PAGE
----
A deep dive into nonfiction books on addiction

A few weeks ago I hit a wall in the novel I’m writing. I needed a little distance. I like to think of that time as me sending it to camp—look, I love you, but you need to go away from me for me to like you again. Or maybe to some intensive therapy, where someone else could say, mm-hmm, things here are looking maybe promising, but have you considered trying this? In other words, I sent it to my agent. But I couldn’t just sit around not writing something, so I started a new novel, which is the one I’m currently giving my attention to. I know. That other novel came back from camp and I was like, oh, hey, I guess I’m glad to see you, but I’m kind of giving all of my attention to this novel now. Catch you in a few months! (It’s probably a good thing I only have one child, huh?)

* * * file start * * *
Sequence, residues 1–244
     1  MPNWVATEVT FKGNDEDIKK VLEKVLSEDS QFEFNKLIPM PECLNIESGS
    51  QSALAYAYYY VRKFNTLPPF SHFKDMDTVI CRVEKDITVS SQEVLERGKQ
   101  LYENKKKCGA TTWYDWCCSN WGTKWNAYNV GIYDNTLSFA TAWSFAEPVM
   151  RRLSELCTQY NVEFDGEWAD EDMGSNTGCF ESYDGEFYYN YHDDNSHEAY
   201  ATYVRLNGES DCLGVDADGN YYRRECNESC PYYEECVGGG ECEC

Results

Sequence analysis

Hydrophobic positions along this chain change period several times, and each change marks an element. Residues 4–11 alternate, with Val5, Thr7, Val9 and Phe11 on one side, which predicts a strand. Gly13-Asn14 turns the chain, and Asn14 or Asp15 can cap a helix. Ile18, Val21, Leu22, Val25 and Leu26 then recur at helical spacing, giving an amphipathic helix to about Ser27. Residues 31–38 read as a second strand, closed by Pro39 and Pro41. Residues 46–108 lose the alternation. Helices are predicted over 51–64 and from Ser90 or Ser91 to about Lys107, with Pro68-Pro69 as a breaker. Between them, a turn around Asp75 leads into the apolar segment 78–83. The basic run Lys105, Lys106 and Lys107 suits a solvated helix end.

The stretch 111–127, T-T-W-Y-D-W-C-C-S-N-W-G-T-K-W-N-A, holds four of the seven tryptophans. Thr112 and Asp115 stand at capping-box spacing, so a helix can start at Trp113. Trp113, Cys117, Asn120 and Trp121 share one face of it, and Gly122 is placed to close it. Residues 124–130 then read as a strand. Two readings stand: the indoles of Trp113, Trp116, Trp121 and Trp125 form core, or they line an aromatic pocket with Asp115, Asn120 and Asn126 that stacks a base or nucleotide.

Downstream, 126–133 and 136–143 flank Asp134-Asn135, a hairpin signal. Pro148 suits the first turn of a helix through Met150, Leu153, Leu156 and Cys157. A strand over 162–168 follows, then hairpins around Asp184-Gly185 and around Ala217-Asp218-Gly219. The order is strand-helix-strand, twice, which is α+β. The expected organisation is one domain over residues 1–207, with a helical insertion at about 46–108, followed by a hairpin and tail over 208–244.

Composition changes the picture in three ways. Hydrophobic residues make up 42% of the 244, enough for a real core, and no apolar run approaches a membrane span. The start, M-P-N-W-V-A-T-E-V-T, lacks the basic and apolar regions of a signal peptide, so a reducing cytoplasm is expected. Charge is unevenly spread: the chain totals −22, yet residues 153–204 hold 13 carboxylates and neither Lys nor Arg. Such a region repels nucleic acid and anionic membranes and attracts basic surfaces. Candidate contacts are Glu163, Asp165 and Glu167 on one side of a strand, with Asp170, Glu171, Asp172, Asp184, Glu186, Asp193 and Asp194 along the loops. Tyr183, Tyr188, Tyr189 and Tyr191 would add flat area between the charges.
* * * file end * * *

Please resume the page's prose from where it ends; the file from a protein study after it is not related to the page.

This new thing has no real title, but I’m calling it Teenage Mutant Nightmare Friendships. It’s about disintegrating friendships, porcupines, meth, and a water park.


While I’ve been writing this, I’ve been thinking a lot about these quotes/lyrics:

Just the old blood
Rising up through the wooden floor again
Just the old love
Asking for more again.
Minnesota, The Mountain Goats


“The past is never where you think you left it.”—Katherine Anne Porter


And I’ve been listening to this song a ton:


Anyway, here are some of the books I’ve been reading as research. I know a lot now about dopamine and addiction. I also desperately, desperately wish more people understood that addiction is a chronic disease and not a choice/behavior/moral failing. What a different world we would live in if people could understand that and if more people could get effective medical treatment for intervention and recovery. 

Actually, first, before I show you the books, please observe how useful dachshunds can be. Look at them research for me!